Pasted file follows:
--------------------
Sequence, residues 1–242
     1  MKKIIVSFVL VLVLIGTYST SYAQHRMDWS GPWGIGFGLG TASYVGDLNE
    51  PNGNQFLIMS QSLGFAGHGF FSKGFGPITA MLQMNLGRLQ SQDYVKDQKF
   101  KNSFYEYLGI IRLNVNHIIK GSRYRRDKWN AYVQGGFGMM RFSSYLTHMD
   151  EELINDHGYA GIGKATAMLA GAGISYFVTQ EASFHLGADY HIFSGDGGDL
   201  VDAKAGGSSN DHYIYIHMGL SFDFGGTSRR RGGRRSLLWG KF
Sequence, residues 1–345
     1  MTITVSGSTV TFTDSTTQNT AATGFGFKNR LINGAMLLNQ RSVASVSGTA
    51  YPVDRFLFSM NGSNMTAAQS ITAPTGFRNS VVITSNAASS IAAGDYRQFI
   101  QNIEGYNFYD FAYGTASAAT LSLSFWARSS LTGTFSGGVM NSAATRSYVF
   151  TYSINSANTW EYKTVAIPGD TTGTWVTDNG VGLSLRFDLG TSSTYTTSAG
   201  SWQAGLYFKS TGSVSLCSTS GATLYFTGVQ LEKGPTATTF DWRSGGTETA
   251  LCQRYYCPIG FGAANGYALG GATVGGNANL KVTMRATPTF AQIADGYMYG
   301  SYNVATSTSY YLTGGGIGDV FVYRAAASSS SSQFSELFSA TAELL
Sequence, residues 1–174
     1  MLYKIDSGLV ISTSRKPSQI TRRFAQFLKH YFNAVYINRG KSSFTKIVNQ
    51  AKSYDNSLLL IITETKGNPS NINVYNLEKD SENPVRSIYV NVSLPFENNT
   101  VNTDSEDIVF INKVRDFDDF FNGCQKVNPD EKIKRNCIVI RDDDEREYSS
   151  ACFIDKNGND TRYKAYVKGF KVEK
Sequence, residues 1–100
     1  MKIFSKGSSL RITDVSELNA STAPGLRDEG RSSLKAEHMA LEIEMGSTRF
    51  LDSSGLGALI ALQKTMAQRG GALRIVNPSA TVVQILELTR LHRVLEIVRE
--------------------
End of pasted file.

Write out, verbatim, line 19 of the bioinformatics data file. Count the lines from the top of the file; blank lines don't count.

   151  ACFIDKNGND TRYKAYVKGF KVEK